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Why should you care about biodiversity? ASU scientist makes her case.
No matter where you live, what you eat and buy affects the ocean's health.
August 16, 2016

As biodiversity depletes, ASU oceanographer part of UN panel that will help policy makers navigate the world's scientific literature

There is a lot of scientific knowledge in the world, but very little of that knowledge is readily available to people who make decisions about things like water use, farming practices or waste disposal. Such decisions affect plant and animal life and can have far-reaching consequences for human well-being.

That’s why the United Nations has formed an Intergovernmental Platform on Biodiversity and Ecosystem Services (IPBES), naming as coordinating lead author Arizona State University professor Leah Gerber, founding director of ASU’s Center for Biodiversity Outcomes, a partnership between the Julie Ann Wrigley Global Institute of Sustainability and the School of Life Sciences.

IPBES is a panel of scientists who will review the massive body of scientific literature around biodiversity and ecosystem services and organize the combined knowledge into a report that is relevant and accessible to decision makers. The first authors’ meeting takes place in Bonn, Germany, Aug. 15-19.

Before she left, Gerber answered some questions on why biodiversity is important in our lives.

Leah Gerber and student Yaiyr Astudillo-Scalia process a whale biopsy sample.
Leah Gerber (right and at top of story) and one of her doctoral students, Yaiyr Astudillo-Scalia, process a biopsy sample from a humpback whale, collected last March off the west coast of Maui, Hawaii. Photos courtesy Leah Gerber

 

Question: What is your role in this United Nations initiative?

Answer: My role will be to ensure that the best available scientific data is pulled together in a way that can be used in global policy on managing biodiversity and ecosystem services.

Q: Why is this work important?

A: Biodiversity is being depleted at unprecedented rates, reducing our stocks of natural capital and the ecosystem services provided by nature. Every day, governments and other actors around the world are making decisions which affect the biosphere with profound implications for human well-being. All UN Sustainable Development Goals depend on biodiversity.

Q: What is biodiversity?

A: Biodiversity is the variety of life on Earth, from microbes to plants to animals, scaling from genes to species to ecosystems to communities. And humans rely on the services provided by biodiversity.

Q: You’re a marine conservation biologist. Why is the ocean important to humans?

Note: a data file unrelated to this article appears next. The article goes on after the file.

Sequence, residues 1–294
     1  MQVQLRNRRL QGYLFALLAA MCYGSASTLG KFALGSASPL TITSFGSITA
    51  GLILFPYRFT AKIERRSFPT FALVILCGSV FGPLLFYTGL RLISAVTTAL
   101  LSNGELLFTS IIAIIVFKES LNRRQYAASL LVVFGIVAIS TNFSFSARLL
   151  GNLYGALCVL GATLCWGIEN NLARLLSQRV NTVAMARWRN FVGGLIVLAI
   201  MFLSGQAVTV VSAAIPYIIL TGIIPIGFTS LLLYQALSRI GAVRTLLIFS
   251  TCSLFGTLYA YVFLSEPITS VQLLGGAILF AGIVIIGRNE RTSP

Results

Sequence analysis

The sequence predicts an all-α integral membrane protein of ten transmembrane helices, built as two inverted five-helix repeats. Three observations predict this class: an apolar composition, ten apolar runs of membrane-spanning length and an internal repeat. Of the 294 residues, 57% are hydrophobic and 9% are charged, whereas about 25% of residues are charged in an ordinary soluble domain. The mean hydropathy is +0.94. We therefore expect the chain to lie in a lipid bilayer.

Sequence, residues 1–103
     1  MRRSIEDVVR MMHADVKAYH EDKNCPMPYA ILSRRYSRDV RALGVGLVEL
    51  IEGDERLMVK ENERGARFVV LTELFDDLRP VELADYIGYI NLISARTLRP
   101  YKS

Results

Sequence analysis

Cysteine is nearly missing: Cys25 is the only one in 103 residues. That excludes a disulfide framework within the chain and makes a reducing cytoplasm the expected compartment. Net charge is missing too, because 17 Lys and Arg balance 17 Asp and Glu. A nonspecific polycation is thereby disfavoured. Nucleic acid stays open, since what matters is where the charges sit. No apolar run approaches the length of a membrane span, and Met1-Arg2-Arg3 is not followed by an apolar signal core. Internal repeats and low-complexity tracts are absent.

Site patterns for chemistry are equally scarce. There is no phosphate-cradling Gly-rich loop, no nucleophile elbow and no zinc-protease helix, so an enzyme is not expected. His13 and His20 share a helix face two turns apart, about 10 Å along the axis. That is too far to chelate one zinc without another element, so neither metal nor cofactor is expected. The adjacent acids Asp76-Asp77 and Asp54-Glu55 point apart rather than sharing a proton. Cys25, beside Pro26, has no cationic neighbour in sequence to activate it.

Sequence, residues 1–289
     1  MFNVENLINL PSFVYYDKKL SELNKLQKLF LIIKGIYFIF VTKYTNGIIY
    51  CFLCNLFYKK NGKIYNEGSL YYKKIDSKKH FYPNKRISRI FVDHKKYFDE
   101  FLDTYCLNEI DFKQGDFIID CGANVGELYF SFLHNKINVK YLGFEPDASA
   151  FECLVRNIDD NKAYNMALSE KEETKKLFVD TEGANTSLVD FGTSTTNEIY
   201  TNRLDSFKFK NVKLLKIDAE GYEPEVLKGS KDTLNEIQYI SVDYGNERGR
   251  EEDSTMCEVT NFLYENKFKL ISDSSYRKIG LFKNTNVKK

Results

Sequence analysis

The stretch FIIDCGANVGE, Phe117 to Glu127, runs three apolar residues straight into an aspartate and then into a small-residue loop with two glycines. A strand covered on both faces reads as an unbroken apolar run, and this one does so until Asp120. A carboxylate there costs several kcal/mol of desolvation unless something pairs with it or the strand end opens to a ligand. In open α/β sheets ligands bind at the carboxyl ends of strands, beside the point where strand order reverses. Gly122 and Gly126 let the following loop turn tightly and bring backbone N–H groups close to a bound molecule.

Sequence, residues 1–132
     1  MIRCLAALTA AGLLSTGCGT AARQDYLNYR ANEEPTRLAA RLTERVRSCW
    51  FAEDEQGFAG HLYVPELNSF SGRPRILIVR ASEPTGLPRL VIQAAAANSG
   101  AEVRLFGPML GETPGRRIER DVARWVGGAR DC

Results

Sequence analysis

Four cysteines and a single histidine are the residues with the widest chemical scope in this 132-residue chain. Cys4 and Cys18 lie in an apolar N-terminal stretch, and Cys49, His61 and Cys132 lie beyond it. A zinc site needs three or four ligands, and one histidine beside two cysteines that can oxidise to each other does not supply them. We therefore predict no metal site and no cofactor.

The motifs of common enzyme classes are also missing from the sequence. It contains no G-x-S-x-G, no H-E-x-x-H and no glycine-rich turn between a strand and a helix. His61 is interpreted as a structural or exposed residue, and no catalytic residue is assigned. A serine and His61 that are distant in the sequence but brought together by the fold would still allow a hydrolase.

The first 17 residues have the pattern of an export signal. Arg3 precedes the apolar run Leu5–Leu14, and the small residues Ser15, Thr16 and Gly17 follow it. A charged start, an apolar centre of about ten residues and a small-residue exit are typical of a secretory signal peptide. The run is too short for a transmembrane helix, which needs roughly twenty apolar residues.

A: The ocean is not just a beautiful place that we like to visit. It's central to humans and our well-being. For example, the ocean makes up about 70 percent of the total space on Earth, providing the primary source of protein to about 3 billion people.

The ocean also absorbs about 30 percent of the emitted carbon dioxide. But the current rate of absorption is causing chemical reactions, called ocean acidification, that lead to coral bleaching and a loss of marine habitat.

There's also a huge diversity of life in the ocean. The best estimate is about 200,000 species. That's an underestimate because we think that there might be closer to a million species. We are discovering new ones every day. And that, obviously, is important to humans because of the potential for new pharmaceuticals and medicines in this life that we have yet to fully explore.

Q: We live in Arizona. What can we do to protect the oceans?

A: Regardless of where we live, we can contribute to ocean conservation in choices about what we eat. Many fish stocks — some estimates put it at about 50 percent of the world stocks — are depleted, so we want to be careful about making choices so that we can allow these stocks to recover. And it turns out that large, long-living fish are also laden with toxins such as mercury. There are a number of apps available out there that provide up-to-date information on both health and sustainability.

Another major issue that I think we, as consumers, can do to help the ocean is to minimize our use of plastics. A recent study estimated that there are more plastics in the ocean than fish. Because there is so much plastic and it takes so long to break down, most seafood that we're consuming has trace levels of microplastics. I think that problem must be tackled from the consumer end — in saying no to plastics, we can demonstrate that there is no demand for plastics.

Q: What is a change you’ve seen that gives you hope?

A: Despite the tremendous impacts humans have had on ocean health — in depletion of fisheries, ocean acidification, plastic pollution — there are rays of hope. For example, there's now demonstrated evidence that establishment of marine protected areas leads to recovery of fish stocks. Reserves increase diversity, average organism size and population growth, which improves fishery productivity outside of the protected area. That's one example of a management strategy that is effective. I think we need to look for those bright spots in planning for the future.

 

Gerber is attending the first IPBES authors’ meeting this week in Bonn, Germany — follow #GlobalAssessment all week on Twitter. The IPBES advises the United Nations and 100-plus participating nation states, analogous to the Intergovernmental Panel on Climate Change (IPCC) in terms of global policy reach. In September, Gerber will travel to Hawaii for the World Conservation Congress of the International Union for the Conservation of Nature, the world’s largest conservation event. Held every four years, the IUCN World Conservation Congress helps shape the direction of conservation and sustainable development.